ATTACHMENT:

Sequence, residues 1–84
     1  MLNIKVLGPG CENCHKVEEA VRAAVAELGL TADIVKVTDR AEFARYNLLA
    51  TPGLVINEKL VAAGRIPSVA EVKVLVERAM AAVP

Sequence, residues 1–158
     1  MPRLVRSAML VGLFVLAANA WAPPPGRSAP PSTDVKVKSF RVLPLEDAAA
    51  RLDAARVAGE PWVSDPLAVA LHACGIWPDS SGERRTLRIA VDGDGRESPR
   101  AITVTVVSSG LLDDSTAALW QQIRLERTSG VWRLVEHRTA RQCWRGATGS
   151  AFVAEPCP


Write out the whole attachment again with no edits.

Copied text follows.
Sequence, residues 1–84
     1  MLNIKVLGPG CENCHKVEEA VRAAVAELGL TADIVKVTDR AEFARYNLLA
    51  TPGLVINEKL VAAGRIPSVA EVKVLVERAM AAVP

Sequence, residues 1–158
     1  MPRLVRSAML VGLFVLAANA WAPPPGRSAP PSTDVKVKSF RVLPLEDAAA
    51  RLDAARVAGE PWVSDPLAVA LHACGIWPDS SGERRTLRIA VDGDGRESPR
   101  AITVTVVSSG LLDDSTAALW QQIRLERTSG VWRLVEHRTA RQCWRGATGS
   151  AFVAEPCP